I’m a Boomer, born the same year as the Voting Rights Act, which finally conferred democracy on American blacks nearly a century after the Emancipation. I cherish democracy, being born white and male in North America in the middle of the 20th century, I think of it as my right. Of course, it isn’t. Most of the world’s population doesn’t have my ability to cast a free vote.
And I vote. In every election, municipal, provincial, federal, at my yacht club and in the Oscar™ pool. I’ve never missed a vote I’ve been eligible for since I cast my first vote in 1972 for Pierre Trudeau. Voting is made so easy in Canada, you’d think everyone would do it; no line-ups, nearby polling stations, friendly scrutineers, no purple ink and machine guns. But they don’t. Vote, I mean. The turnout in the last federal election, one many people thought of as the most critical in decades, was just over 60%. Voting has been heading south from 70% since 1988 in this country. Of course, turnout is even more anaemic for provincial and municipal elections.
I think of one’s vote as one’s own business. The only time I ever tried to influence someone’s vote was when a Jewish friend of mine was going to unwittingly vote for a fundamentalist Christian who had made distinctly anti-semitic remarks before he got involved in politics. That’s the power of your vote, you can use it as a needle or a bludgeon. However, some things are just so unjust that they demand communal electoral action, and they demand getting involved.
Federal Industry Minister James Moore made some comments last week which got a lot of press. He said “We have never been wealthier as a country than we are right now. Never been wealthier….is it my job to feed my neighbour’s child? I don’t think so”.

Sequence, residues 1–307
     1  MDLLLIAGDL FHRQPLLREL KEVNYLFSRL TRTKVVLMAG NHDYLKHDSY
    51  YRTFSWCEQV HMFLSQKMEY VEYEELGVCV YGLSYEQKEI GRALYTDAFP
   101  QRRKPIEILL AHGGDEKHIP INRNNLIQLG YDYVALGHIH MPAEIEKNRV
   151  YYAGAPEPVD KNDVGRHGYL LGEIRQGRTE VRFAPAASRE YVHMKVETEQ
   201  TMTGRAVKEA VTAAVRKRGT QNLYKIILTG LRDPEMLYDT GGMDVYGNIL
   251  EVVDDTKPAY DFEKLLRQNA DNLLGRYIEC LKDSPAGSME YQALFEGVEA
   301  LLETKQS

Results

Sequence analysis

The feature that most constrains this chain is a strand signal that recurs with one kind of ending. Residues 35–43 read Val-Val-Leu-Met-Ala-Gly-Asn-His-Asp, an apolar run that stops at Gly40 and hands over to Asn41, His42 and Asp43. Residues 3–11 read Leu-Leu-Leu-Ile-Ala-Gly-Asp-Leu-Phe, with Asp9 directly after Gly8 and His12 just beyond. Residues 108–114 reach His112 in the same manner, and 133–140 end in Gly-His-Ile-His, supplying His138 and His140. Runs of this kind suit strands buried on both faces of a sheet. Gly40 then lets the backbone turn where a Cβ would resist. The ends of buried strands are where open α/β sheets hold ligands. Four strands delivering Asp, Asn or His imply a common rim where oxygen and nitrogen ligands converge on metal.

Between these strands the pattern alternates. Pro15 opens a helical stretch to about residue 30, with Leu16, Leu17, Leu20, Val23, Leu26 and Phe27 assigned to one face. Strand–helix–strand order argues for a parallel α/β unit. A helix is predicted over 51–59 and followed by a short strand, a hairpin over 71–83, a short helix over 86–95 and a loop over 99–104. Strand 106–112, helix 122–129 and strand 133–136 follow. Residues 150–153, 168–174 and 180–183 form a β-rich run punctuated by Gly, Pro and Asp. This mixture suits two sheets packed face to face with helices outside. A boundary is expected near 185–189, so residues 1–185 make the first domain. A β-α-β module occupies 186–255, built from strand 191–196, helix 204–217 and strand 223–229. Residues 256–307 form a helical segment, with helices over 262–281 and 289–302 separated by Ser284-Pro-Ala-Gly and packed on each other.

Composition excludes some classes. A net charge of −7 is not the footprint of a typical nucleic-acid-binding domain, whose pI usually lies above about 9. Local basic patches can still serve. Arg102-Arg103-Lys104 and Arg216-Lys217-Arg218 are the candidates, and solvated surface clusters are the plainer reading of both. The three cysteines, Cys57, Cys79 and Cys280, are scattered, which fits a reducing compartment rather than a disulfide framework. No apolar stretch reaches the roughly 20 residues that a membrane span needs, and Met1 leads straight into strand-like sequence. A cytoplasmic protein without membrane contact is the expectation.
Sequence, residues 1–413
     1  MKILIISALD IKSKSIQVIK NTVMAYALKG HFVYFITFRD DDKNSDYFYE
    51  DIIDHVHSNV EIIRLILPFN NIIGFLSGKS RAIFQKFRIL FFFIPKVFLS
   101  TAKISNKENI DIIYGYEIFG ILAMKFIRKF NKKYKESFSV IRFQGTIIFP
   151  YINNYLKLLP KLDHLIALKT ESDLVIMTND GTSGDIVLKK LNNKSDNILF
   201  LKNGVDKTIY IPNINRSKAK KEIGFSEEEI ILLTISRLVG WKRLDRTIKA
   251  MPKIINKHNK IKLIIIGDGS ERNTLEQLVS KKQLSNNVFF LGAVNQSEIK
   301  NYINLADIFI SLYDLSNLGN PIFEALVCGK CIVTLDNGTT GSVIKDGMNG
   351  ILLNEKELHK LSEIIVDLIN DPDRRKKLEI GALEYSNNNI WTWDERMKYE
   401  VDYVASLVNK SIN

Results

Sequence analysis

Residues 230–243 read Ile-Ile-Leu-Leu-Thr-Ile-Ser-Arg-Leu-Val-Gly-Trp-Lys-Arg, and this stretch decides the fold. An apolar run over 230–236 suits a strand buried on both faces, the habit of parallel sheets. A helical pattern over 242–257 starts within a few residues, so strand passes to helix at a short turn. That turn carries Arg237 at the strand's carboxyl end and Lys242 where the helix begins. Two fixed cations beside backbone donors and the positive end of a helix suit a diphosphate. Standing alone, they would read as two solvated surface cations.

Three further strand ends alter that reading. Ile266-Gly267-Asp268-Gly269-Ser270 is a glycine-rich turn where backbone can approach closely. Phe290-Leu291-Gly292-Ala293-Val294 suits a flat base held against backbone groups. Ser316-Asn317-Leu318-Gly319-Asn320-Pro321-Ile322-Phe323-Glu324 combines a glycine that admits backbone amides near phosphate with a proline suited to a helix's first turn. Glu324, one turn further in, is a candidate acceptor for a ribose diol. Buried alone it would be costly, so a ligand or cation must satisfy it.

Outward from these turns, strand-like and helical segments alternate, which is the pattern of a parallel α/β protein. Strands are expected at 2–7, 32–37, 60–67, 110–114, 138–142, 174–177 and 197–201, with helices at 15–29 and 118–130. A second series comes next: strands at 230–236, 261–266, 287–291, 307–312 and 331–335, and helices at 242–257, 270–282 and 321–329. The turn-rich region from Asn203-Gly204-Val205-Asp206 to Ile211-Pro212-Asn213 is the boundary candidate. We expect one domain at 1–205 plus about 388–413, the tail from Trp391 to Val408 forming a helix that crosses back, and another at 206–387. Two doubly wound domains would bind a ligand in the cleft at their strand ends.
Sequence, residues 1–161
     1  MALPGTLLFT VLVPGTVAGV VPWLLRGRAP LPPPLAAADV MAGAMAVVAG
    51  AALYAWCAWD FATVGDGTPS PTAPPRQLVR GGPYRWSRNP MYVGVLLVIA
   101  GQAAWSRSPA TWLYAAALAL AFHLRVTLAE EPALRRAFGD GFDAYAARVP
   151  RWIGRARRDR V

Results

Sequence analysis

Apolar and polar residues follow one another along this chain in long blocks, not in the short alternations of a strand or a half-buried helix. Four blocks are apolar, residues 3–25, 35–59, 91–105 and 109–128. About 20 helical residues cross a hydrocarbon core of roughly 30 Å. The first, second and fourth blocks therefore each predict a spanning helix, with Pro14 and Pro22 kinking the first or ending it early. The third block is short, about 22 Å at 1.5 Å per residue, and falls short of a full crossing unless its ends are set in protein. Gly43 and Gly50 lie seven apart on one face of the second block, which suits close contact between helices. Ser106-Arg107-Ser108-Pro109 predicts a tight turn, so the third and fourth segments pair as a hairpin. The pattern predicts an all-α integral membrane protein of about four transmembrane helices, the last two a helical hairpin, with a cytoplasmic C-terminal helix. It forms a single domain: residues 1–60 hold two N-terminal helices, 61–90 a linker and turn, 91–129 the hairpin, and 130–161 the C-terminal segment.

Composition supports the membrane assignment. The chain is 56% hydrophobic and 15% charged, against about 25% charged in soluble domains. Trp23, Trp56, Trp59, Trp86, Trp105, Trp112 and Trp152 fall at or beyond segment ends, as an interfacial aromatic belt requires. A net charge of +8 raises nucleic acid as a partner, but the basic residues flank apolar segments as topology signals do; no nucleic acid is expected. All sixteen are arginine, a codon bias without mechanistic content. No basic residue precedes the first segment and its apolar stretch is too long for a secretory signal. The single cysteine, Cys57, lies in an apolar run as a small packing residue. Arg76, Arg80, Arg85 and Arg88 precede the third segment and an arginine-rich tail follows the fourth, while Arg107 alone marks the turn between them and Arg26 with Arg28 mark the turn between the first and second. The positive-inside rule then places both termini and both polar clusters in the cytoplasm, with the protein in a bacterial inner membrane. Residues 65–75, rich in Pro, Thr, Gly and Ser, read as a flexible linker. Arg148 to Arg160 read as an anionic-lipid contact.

The second half of that comment got all the attention, and Moore was forced to apologize for it, which he did, handsomely. But the first half of the statement betrays a callousness born of ideology and privilege.
The same week, Federal Finance Minister Jim Flaherty was rubbishing the genuine concerns of retirees, voters, business leaders, academics, pension experts, union leaders and economists who all agreed that the Canada Pension Plan needed expanding if the next generation wasn’t going to age in poverty. He claimed the economy was too fragile to support CPP enhancement now, that increased contributions would be job-killers, that it might be attempted in “three, five or eight years” if things improved. He then doubled down by saying he wouldn’t support any action that far in the future.
Well, which is it? Are we wealthier than we’ve ever been yet unable to care for our senior citizens? Are we so desperately impoverished that future generations of retirees will move to North Korea for the standard of living?
Both sets of comments were an outrage, and demonstrated how completely out of touch a government I used to grudgingly admire for its consistency and messaging had become from its own citizens.
CPP expansion is not a matter of “Is it a good idea?”, it’s far more a matter of “do it now or risk a generation of poverty”, Canadians are no less frugal than other nationalities, yet we can’t save for retirement on a normal middle-class income. And the number making a middle-class income is shrinking, so the number unable to save will grow.
The answer in my universe is a Guaranteed Annual Minimum Income, to replace all social supports, including pensions, welfare, disability, social assistance, etc. Roll it all into a minimum annual income of $20,000 per adult, and allow people to make their own choices. Just the savings in administration would go a long way to funding the plan.
This isn’t socialism, it’s pure profit-sharing. We own this country, and if it’s “wealthier than it’s ever been”, that’s because of us, and our productivity and sweat. And we deserve to share in the wealth we’ve created. We all should, actually, but if we have to start somewhere, let’s start with retirees. I’ll cast my vote for that.